JEFFERSON CITY, Mo. – Missouri turkey hunters have reason to be optimistic about the 2014 spring turkey season, according to the state’s turkey expert.
Missouri’s spring turkey season runs from April 21 through May 11. The youth season takes place April 12 and 13. This year’s hunting regulations are nearly the same as last year.
One difference is in tagging requirements. Hunters no longer need to attach their voided permits to harvested turkeys, as long as they remain with the turkey. If you are away from your turkey, you must attach your voided permit to the bird’s leg.
Labeling requirements also have changed. In previous years, turkeys had to be labeled with the taker’s name, address, and Telecheck confirmation number before someone other than the taker could transport or possess the turkey. Beginning this year, date of harvest also must be included in the labeling information.
Also new this year is the addition of crossbows and atlatls to take turkeys during the spring season. Managed turkey hunts will be held on several additional conservation areas this spring. Details about these and other turkey hunting regulations are available in the 2014 Spring Turkey Hunting Regulation and Information booklet, which is available from hunting permit vendors and Conservation Department offices statewide. The booklet also is available at spring_turkey_2014regs.pdf.
Resource Scientist Jason Isabelle is in charge of the Missouri Department of Conservation’s wild turkey-management program. When asked about prospects for this year’s spring turkey season, he pointed to turkey reproduction statistics from the past three years. Observers throughout much of the state reported strong production in 2011 and 2012. That means hunters in these areas can expect to see strong numbers of 2- and 3-year-old gobblers this year.
Hunters prize 3-year-old gobblers are prized by hunters because their greater experience makes them challenging to hunt. They have longer spurs and weigh more on average than younger birds, giving them a higher status among hunters.
On the other hand, 2-year-old gobblers are more likely than younger or older birds to gobble lustily and often. Lots of gobbling makes hunting more exciting, so much so that most hunters consider gobbling activity the most important part of a good hunt.
“Hunters throughout much of the state should be in for a good spring turkey season,” says Isabelle. “There should be quite a bit of gobbling and good numbers of adult birds for hunters to pursue.”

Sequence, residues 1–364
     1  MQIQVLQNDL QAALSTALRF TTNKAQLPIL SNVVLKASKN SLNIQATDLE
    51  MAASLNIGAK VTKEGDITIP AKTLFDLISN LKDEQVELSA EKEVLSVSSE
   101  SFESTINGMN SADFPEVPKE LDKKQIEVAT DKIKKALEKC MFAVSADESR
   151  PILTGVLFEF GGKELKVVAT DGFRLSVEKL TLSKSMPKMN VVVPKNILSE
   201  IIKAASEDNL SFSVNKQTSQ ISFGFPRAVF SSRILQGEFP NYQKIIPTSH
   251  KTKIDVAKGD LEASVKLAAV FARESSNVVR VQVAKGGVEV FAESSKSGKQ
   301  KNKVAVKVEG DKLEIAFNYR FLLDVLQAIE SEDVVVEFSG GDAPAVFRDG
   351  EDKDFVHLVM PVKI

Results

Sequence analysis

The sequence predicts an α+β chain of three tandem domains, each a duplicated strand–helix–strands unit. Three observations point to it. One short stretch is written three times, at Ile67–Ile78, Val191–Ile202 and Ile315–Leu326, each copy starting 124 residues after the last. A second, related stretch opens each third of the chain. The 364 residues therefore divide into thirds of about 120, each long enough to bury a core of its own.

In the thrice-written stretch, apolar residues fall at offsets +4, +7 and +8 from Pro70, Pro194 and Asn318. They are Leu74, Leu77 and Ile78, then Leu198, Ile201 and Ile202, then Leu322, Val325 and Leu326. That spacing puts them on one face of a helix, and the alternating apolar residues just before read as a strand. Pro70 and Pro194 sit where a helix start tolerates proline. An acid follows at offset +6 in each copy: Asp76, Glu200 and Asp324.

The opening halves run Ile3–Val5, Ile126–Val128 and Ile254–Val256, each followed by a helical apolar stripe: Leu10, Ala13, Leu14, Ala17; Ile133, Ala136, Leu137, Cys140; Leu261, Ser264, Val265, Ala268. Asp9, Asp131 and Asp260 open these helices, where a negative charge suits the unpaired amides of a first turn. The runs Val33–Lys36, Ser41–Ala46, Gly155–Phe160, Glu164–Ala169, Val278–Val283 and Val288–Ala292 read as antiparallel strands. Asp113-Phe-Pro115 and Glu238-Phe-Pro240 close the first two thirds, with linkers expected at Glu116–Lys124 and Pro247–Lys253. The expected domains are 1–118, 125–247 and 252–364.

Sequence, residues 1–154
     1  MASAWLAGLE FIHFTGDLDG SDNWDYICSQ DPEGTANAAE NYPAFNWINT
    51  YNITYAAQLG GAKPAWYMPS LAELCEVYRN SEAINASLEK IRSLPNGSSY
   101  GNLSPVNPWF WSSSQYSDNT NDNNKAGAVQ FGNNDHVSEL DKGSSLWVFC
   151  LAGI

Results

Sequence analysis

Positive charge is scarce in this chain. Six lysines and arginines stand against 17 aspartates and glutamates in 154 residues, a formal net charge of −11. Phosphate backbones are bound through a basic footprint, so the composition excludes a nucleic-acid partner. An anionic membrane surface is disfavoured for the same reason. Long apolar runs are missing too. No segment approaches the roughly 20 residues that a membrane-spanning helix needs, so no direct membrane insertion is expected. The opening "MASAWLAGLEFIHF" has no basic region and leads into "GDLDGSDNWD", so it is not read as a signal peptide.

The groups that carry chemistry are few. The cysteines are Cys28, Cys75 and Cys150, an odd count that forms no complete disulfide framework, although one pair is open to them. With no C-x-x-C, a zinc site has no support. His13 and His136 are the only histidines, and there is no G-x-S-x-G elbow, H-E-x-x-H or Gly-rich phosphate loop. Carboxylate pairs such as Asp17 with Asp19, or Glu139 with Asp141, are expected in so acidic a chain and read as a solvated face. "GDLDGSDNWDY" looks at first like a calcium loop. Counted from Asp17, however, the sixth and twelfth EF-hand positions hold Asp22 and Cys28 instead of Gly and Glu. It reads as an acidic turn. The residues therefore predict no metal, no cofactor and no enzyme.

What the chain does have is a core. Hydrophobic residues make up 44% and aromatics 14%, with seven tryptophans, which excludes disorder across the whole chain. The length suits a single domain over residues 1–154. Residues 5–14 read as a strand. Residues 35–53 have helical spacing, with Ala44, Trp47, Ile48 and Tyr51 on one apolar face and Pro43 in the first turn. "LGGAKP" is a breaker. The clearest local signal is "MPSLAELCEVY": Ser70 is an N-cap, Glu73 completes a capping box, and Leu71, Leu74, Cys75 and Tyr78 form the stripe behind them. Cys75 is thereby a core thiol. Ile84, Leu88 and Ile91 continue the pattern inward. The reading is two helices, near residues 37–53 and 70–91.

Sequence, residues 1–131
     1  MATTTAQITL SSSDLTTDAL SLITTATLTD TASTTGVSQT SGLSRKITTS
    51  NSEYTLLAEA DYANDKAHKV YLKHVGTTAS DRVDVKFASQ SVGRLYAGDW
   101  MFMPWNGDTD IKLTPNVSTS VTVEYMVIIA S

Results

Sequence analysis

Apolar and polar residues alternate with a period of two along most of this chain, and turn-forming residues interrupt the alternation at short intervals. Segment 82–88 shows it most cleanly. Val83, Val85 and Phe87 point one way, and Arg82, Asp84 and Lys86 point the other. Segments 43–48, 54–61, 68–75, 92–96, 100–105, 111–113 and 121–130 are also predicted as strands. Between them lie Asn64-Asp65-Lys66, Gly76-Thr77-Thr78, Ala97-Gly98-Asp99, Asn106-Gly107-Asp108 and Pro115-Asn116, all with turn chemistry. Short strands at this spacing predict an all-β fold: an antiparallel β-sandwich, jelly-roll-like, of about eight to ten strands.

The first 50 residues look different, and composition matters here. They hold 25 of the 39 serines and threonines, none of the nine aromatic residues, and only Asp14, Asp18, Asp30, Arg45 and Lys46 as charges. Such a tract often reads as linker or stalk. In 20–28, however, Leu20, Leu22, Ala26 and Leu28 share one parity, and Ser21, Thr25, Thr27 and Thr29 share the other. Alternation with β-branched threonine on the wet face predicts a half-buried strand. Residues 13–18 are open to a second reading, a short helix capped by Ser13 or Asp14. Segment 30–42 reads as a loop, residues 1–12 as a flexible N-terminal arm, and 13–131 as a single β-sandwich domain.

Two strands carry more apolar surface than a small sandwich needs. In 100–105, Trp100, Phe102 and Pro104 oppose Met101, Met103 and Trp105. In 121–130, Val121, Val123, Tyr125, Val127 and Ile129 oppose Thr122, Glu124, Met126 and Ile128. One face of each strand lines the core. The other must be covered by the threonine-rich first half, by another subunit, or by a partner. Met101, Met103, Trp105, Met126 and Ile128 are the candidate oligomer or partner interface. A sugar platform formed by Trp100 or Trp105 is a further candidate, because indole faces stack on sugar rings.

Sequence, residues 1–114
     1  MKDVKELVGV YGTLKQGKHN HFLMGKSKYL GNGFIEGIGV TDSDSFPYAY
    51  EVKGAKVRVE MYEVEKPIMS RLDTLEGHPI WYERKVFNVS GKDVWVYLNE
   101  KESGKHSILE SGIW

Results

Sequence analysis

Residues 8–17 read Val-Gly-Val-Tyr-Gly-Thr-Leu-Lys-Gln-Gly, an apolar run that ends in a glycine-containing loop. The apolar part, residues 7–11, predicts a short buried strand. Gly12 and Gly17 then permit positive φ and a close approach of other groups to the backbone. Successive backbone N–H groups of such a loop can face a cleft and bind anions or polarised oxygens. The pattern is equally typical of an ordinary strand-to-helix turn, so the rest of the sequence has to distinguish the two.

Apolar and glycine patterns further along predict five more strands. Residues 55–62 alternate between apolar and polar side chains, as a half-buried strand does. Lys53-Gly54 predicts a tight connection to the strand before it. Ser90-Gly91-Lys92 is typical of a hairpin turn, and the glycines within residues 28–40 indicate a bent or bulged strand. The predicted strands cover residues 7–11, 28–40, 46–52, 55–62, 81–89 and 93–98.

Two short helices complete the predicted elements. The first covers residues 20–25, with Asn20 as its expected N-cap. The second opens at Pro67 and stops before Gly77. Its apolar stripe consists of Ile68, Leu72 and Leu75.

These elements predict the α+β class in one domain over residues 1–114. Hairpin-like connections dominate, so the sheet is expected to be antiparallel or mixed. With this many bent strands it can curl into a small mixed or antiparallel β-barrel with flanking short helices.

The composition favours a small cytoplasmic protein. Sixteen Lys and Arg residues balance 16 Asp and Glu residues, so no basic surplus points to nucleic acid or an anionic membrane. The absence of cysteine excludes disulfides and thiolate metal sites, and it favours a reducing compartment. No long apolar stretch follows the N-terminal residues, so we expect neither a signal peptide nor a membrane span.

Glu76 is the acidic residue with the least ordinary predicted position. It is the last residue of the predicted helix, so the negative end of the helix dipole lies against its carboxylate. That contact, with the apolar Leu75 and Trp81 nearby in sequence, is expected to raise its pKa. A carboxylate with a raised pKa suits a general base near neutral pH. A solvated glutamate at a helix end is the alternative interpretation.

Isabelle noted that wild-turkey production dipped last year, so 1-year-old gobblers – commonly called jakes – will be less abundant this spring. That won’t affect the quality of hunting all that much now, but it should be a caution to hunters who want to continue hearing lots of gobbling in the future.
“Hunting is a substantial source of mortality for male turkeys,” says Isabelle. “Most jakes survive to be 2-year-old gobblers. Of course, jakes are legal to harvest in Missouri and they do make excellent table fare, but for those hunters interested in having more adult gobblers in their hunting area in the future, passing up opportunities to shoot jakes is one way to achieve that.”
Predicting any given year’s turkey harvest is difficult, because weather exerts a strong influence on turkey behavior and hunter effort. With more-or-less-average weather, Isabelle says he expects this year’s state-wide spring turkey harvest to be close to last year’s combined total of about 46,000 for the youth and regular seasons.
Turkey numbers vary among regions in Missouri. Although hunter success tends to be lower in the Ozarks, where large tracts of timber make hunting more difficult, hunters in southern Missouri are likely to notice an increase in turkey numbers, particularly in eastern counties.
“We’ve seen some very good production for the last three years in the eastern Ozarks,” says Isabelle. “This good production should translate into some great hunting opportunities. Another region of the state where I expect to see an increase in harvest is the Ozark border, including counties like Cedar, St. Clair, Hickory, Polk, Christian, and Webster.”
He says he doesn’t expect much change in turkey harvest from last year in most of the rest of the state. Exceptions include parts of northwest, west-central, and southwest Missouri, where production has not shown the improvements that it has elsewhere. Offsetting this, however, are the tactical advantages hunters enjoy in northern Missouri, where wooded tracts are smaller and more scattered. In these areas, turkeys are more visible and decoys are generally more effective in bringing turkeys within range.